On 13 May 2020, Finland notified the Commission of an aid measure in the form of a State guarantee in favour of the Finnish airline, Finnair Plc, aimed at helping the latter obtain a loan of €600 million from a pension fund to cover its working capital needs. The guarantee, which was supposed to cover 90% of that loan, was limited to a maximum duration of three years and could be relied uponin the event of Finnair’s default with regard to the pension fund.
Referring to its communication on the Temporary Framework for State aid measures to support the economy in the current COVID-19 outbreak, the Commission classified the guarantee granted to Finnair as State aid which is compatible with the internal market in accordance with Article 107(3)(b) TFEU.
Under that provision, aid intended to remedy a serious disturbance in the economy of a Member State may, under certain circumstances, be considered to be compatible with the internal market.The airline Ryanair brought an action for annulment of the Commission’s decision, which was nevertheless rejected by the Tenth Chamber (Extended Composition) of the General Court of the European Union. In that context, the Commission examines, for the first time, the legality of individual State aid adopted to address the consequences of the Covid-19 pandemic in the light of Article 107(3)(b) TFEU.
The guarantee was necessary in order to remedy the serious disturbance in the Finnish economy in view of the importance of Finnair for that economy
Assessment of the General Court
In the first place, the General Court analyses the legality of the contested decision in the light of Article 107(3)(b) TFEU.With regard, first,to the complaints that aid benefiting a single individual undertaking could not remedy a serious disturbance in the economy of a Member State within the meaning of Article 107(3)(b) TFEU,the General Court points out, first of all, that that provision applies both to aid schemes and to individual aid.
Thus, individual aid may be declared to be compatible with the internal market if it is a necessary, appropriate and proportionate measure for remedying a serious disturbance in the economy of the Member State concerned.
The General Court’s conclusion is based on the fact that Finnair:
–is the main air carrier in Finland, with almost 15 million passengers carried in 2019, or 67 % of all passengers carried to, from and within Finland:
–is the main air cargo operator in Finland, serves the needs of a number of companies located in Finland, both for the export and import of goods, and has an extensive Asian network;
–has 6800 employees, with purchases from suppliers, who are mostly Finnish, coming to €1.9 billion in 2019;
–makes significant efforts in respect of research in Finland and is the 16th largest company in Finland in terms of its contribution to that country’s GDP.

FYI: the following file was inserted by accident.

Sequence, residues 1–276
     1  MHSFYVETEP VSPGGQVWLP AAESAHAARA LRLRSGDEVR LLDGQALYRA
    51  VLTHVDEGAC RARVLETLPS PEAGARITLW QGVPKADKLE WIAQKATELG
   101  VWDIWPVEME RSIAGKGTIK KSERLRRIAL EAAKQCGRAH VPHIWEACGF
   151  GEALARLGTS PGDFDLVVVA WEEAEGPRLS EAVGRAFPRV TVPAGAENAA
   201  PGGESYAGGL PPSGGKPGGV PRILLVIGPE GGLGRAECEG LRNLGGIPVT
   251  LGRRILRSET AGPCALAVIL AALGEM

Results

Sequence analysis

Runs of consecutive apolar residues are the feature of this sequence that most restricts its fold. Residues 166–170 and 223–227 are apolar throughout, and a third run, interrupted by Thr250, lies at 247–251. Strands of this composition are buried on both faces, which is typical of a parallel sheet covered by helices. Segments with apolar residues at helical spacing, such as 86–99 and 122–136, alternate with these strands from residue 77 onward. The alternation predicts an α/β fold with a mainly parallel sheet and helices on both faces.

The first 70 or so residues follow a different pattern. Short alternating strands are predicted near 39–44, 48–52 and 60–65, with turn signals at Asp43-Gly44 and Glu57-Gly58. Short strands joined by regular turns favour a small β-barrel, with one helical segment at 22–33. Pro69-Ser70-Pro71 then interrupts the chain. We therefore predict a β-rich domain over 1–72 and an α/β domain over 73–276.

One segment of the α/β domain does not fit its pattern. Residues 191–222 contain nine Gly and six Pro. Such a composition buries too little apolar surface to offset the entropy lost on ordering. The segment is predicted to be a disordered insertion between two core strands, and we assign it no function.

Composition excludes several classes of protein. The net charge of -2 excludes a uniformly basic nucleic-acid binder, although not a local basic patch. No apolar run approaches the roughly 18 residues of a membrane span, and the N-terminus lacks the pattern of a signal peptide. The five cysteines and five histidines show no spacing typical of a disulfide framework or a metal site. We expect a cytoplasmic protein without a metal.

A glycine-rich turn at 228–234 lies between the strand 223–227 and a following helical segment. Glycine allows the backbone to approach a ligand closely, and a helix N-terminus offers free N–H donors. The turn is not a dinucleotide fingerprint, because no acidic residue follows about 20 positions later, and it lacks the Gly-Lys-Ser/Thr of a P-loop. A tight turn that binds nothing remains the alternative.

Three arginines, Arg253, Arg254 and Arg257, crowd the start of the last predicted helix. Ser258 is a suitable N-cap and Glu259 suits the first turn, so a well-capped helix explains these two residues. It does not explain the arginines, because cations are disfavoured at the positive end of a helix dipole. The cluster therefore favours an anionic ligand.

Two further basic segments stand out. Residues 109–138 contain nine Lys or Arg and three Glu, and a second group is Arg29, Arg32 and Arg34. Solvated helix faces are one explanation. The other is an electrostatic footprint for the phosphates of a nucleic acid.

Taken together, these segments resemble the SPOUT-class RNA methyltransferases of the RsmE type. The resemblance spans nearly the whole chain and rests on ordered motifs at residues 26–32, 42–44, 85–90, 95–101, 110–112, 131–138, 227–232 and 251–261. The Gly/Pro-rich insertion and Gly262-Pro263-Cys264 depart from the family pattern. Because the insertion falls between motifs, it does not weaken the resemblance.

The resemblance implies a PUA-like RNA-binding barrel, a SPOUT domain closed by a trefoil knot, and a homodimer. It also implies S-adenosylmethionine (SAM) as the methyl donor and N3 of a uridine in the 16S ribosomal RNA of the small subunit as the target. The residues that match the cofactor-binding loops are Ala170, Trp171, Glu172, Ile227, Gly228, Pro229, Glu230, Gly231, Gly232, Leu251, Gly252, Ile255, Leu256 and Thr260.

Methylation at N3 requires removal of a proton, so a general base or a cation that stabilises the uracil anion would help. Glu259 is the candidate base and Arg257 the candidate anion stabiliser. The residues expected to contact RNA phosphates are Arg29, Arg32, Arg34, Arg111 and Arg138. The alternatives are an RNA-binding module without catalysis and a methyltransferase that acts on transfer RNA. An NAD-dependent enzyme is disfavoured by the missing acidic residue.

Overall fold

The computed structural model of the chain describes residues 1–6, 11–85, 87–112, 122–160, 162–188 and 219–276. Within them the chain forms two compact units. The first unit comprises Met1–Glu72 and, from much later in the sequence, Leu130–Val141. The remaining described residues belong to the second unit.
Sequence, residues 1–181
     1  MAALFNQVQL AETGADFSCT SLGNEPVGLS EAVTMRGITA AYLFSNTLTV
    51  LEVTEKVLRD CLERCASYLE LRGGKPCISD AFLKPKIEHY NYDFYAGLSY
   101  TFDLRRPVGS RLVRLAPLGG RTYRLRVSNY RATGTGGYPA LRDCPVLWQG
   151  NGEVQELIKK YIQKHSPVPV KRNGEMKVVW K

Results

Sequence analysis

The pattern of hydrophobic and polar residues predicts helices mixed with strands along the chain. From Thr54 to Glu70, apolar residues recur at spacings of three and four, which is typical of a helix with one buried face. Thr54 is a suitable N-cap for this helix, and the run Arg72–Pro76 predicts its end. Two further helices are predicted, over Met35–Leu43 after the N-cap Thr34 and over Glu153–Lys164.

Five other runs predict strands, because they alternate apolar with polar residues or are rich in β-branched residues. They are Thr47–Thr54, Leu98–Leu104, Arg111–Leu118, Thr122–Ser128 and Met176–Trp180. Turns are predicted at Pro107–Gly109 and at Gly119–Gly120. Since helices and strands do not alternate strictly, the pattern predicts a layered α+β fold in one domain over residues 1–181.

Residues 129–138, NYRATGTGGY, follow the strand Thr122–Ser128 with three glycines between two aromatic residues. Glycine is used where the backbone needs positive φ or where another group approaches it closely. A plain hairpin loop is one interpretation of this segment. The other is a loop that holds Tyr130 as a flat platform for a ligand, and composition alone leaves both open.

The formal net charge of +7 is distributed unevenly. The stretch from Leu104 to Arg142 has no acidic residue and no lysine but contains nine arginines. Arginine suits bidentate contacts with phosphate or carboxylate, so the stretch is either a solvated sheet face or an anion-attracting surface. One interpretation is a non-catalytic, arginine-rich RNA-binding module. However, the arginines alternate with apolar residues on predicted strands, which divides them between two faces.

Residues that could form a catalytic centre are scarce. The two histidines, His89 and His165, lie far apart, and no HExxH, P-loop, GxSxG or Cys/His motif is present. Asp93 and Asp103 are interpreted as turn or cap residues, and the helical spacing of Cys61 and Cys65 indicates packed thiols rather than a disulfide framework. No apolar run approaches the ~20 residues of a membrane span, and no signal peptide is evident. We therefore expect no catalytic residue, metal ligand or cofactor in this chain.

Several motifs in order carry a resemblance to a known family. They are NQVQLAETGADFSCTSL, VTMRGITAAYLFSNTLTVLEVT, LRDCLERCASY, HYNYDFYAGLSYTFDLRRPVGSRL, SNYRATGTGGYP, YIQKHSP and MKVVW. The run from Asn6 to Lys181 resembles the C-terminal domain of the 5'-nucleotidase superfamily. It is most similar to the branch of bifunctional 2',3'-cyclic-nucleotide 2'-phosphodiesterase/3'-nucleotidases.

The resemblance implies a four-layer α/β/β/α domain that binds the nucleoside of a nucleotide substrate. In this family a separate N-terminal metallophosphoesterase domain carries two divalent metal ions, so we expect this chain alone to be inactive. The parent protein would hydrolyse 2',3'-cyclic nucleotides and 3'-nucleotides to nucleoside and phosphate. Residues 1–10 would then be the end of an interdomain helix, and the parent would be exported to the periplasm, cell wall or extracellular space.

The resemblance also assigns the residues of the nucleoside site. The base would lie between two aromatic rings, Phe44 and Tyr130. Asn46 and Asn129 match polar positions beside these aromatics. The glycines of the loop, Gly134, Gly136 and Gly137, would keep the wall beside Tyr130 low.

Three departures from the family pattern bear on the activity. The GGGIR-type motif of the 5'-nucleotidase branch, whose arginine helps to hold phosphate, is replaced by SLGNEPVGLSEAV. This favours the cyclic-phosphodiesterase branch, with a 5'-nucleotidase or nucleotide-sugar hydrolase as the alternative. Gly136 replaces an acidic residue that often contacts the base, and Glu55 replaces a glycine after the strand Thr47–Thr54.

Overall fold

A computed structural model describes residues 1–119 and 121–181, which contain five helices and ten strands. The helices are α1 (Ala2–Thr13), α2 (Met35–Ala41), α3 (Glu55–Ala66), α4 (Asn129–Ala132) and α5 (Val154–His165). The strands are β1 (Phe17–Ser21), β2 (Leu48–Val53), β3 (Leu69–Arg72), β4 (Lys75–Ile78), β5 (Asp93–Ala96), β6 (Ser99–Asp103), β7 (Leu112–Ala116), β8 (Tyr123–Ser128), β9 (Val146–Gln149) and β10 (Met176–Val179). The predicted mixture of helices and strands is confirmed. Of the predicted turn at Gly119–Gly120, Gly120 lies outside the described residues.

In the second place, the General Court examines the alleged infringement of the principle of non-discrimination. In that regard, the General Court observes, first of all, that by its nature individual aid introduces a difference in treatment, or even discrimination, which is inherent in the individual character of the measure.
Arguing that such aid is contrary to the principle of non-discrimination would, in essence, amount to calling into question systematically the compatibility with the internal market of any individual aid, when EU law allows Member States to grant such aid in accordance with the conditions laid down in Article107 TFEU.
According to the General Court, the arrangements for providing Finnair with the guarantee are capable of attaining the objective envisaged, since the existence of a serious disturbance in the Finnish economy as a result of the Covid-19 pandemic and the significant adverse effectsof that pandemic on the Finnish air transport market have been established to the requisite legal standard.
In the third place, as regards the complaints alleging infringement of the freedom to provide services and the freedom of establishment, the General Court finds that Ryanair has not established how the exclusive nature of the grant of the State guarantee is capable of dissuading it from establishing itself in Finlandor from providing services to and from Finland.
The General Court states that Ryanair has failed to identify the factual or legal elements which would cause the individual aid at issue to produce restrictive effects which go beyond those which trigger the prohibition in Article 107(1) TFEU, but which are nevertheless necessary and proportionate to remedy the serious disturbance in the Finnisheconomy caused by the Covid-19 pandemic, in accordance with the requirements of Article 107(3)(b) TFEU.